This retelling of the birth of Christ from the God’s perspective explains why Zeus wants the relics united – to maintain his and the other Gods’ significance. However, there are some Gods trying to interfere with the mission and stop Evan’s and his companions’ journey. Evan searches ancient Greece, already in possession of the first relic, for the second to unite the two. The perilous journey over a treacherous landscape naturally reminds one of the epics of Homer.
The Labyrinthine Journey was a thoroughly enjoyable read. I give it five out of five for its sophisticated and inventive retelling of the well-known and widespread story of Christ and its ability to connect it to the overarching quest narrative seamlessly. Luciana Cavallaro’s prose fits the story perfectly, making the journey truly epic. Furthermore, the fusion of God’s, monsters, ancient philosophers, magical ancient relics and even time travel, leads to unexpected twists and turns throughout the novel.
Pages: 311 | ASIN: B075QGZQP9
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A Dot You Are takes readers on a trip through the protagonist’s journey to rediscover his relationship with his long-lost father (and himself). What parts of himself are the results of his father’s actions when Antoni was just a child? Which parts were created through his own life choices and experiences? Our protagonist comes back to a long-lost world that is in direct juxtaposition from the one he was educated in and eventually realizes that he may not have ended up quite as far from his roots as he once thought.
For anyone who enjoys poetic storytelling full of imagery and metaphor, A Dot You Are, written by Manjula Wediwardana and then translated into English by Dilini Eriyawala, should certainly quench their thirst. The author does well to bring the reader into each of the compelling scenes throughout the story, but leaves plenty of room for the imagination to take over.
Antoni (protagonist) is on a mission to find his estranged father but has limited knowledge of where and how to find him. The village that he must go to on his search does, in fact, turn up the man he is looking for, but he finds many other things as well. Antoni’s journey back to the fishing village awakens certain aspects of his personality which then creates more questions than he had before. Duality is ever-present throughout the story which is a fact that serves Antoni’s role in the story well. He is an outsider with a deep connection to the village. Where there is divinity, there is also the mundane. Where there is warmth, there is also a sense of indifference and hostility. The author captures the nature of the world quite precisely while at the same accentuating the drama that makes it interesting and fun.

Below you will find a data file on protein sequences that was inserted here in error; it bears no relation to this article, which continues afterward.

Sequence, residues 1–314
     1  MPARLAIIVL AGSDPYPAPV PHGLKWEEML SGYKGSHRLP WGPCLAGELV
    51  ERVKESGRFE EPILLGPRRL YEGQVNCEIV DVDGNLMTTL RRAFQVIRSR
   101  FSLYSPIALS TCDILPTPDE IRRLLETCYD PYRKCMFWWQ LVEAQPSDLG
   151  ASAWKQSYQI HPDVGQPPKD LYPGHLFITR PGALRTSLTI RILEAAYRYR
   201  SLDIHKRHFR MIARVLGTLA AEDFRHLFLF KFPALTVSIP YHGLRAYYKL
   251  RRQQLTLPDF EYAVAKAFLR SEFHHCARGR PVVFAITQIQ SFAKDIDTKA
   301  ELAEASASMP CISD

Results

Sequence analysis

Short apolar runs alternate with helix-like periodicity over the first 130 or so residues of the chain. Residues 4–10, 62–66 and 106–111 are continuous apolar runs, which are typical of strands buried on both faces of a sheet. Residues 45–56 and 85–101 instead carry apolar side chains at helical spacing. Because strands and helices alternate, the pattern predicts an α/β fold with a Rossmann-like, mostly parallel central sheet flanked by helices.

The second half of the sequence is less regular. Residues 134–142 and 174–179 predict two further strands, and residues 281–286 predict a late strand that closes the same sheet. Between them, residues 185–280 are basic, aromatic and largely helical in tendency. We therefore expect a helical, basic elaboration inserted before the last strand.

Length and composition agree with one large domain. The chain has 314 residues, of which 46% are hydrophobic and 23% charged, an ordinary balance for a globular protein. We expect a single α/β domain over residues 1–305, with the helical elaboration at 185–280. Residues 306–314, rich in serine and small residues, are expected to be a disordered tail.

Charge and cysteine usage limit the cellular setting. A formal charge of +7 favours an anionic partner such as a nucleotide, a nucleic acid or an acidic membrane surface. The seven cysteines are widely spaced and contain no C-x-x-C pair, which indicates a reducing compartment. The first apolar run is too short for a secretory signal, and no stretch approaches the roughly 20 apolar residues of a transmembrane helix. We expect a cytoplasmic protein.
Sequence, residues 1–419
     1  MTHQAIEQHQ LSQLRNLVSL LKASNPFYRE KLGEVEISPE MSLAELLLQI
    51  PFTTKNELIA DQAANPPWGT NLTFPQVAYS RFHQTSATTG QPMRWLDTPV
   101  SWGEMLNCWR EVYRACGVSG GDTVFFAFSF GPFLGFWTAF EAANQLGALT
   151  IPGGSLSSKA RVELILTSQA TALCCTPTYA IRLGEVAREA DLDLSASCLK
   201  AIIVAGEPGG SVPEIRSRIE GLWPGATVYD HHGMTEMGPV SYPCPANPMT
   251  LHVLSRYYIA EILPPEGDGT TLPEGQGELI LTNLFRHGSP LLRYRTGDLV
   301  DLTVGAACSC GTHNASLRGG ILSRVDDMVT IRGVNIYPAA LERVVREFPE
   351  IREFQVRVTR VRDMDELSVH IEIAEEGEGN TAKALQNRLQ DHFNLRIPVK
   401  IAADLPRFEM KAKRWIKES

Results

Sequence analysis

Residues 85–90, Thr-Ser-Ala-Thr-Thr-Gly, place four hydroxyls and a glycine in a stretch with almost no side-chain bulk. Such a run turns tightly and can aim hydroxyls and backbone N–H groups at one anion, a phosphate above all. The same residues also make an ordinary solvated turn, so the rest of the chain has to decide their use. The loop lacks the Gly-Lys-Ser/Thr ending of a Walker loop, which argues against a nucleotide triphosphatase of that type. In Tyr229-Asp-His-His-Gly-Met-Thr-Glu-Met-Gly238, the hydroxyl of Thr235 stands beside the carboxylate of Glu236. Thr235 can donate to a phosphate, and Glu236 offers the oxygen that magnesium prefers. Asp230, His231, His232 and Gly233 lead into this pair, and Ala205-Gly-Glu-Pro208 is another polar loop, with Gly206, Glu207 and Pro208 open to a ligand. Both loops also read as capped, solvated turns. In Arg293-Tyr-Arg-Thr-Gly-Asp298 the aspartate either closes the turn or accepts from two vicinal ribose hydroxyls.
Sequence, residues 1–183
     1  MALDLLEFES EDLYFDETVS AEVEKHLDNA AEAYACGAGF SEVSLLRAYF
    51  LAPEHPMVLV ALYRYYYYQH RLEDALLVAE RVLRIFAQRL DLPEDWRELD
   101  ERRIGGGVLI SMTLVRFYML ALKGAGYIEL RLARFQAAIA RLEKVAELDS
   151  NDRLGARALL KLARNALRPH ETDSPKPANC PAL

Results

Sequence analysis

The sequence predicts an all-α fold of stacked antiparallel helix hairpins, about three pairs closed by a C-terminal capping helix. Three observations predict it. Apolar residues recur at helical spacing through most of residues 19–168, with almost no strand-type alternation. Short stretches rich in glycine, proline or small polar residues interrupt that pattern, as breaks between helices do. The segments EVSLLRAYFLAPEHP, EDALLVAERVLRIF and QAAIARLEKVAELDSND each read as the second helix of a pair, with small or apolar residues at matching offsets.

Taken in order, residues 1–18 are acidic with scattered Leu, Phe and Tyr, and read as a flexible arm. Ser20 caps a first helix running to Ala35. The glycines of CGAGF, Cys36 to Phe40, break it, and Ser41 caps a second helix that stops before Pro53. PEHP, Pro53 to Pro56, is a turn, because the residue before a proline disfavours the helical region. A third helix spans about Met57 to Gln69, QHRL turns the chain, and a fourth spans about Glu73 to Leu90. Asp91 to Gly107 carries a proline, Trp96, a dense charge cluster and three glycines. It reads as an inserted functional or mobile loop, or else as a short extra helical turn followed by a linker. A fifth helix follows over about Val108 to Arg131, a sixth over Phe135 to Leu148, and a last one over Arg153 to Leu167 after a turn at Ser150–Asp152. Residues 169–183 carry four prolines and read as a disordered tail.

The beauty, the hardships, the simplicity, and complex human interactions all make up the experience of the fishing village. The examples of scenery that are described are so vivid that one can get a clear sense of the place. Having visited many fishing villages throughout Sri Lanka, I can say that the reader will finish this book with a deep understanding of what life for a Sri Lankan fisherman is like, what the village looks like, and how the daily activities of everyone unfold.
The atmosphere of A Dot You Are is aided by the language used throughout the story. Not only is there a heavy focus on a poetic approach focused on extracting beauty from everyday situations, but there are also phrases and manners of speech that can only be found throughout India and Sri Lanka. It is not overdone, however, and the reader can easily get a feel for the colourful personalities that make up the story. All in all, it is a magnificent read that has a bit of everything.
Translated into English by Dilini Eriyawala
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Skeins by Richa Gupta is the story of a large group of globe-trotting Indian women who take a trip to see the sights in Spain and Portugal. The women are similar in heritage, but vary widely in age and experience. Even though they are from the same general area, they also differ in culture and socio-economic status. As the women grow closer, they let each other into their personal lives. They confide in each other and share secrets, regrets, hopes, and dreams. However, it’s not one big happy slumber party. Some of the women find some serious trouble along their journey.
Overall, Skeins was a pretty easy read. The grammar and sentence structure is impeccable. I didn’t find any errors at all. If anything, there were only a few turns of phrase that only suggested that the author’s roots were different than my own. That’s not a bad thing.
If I have any complaint, it’s that the cast of characters was very large. I found it hard, at times, to keep the names of characters and their story lines straight. There seemed to be so much going on at once between all of the background stories.
I enjoyed the diversity of the characters. I especially enjoyed the diversity paired with the camaraderie that the women enjoyed. They came from all walks of life, different social classes, and different customs to form one big, instant family. They seemed to get along very well. They will make readers hope for these kinds of quickly formed but long lasting friendships.